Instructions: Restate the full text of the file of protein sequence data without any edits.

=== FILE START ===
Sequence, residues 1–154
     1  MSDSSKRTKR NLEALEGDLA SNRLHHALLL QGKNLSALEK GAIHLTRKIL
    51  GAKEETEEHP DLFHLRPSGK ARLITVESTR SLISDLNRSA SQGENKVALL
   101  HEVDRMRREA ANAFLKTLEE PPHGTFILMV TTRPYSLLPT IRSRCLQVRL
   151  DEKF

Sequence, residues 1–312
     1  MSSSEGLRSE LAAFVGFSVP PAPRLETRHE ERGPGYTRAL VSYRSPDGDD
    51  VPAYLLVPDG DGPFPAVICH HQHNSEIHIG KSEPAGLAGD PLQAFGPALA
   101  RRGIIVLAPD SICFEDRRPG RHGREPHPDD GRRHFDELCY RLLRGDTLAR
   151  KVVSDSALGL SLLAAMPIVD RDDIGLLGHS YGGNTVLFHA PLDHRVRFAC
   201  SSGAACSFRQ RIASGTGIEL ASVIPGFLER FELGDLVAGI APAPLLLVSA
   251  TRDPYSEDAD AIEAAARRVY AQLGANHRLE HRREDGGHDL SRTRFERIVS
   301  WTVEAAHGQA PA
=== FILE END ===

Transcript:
Sequence, residues 1–154
     1  MSDSSKRTKR NLEALEGDLA SNRLHHALLL QGKNLSALEK GAIHLTRKIL
    51  GAKEETEEHP DLFHLRPSGK ARLITVESTR SLISDLNRSA SQGENKVALL
   101  HEVDRMRREA ANAFLKTLEE PPHGTFILMV TTRPYSLLPT IRSRCLQVRL
   151  DEKF

Sequence, residues 1–312
     1  MSSSEGLRSE LAAFVGFSVP PAPRLETRHE ERGPGYTRAL VSYRSPDGDD
    51  VPAYLLVPDG DGPFPAVICH HQHNSEIHIG KSEPAGLAGD PLQAFGPALA
   101  RRGIIVLAPD SICFEDRRPG RHGREPHPDD GRRHFDELCY RLLRGDTLAR
   151  KVVSDSALGL SLLAAMPIVD RDDIGLLGHS YGGNTVLFHA PLDHRVRFAC
   201  SSGAACSFRQ RIASGTGIEL ASVIPGFLER FELGDLVAGI APAPLLLVSA
   251  TRDPYSEDAD AIEAAARRVY AQLGANHRLE HRREDGGHDL SRTRFERIVS
   301  WTVEAAHGQA PA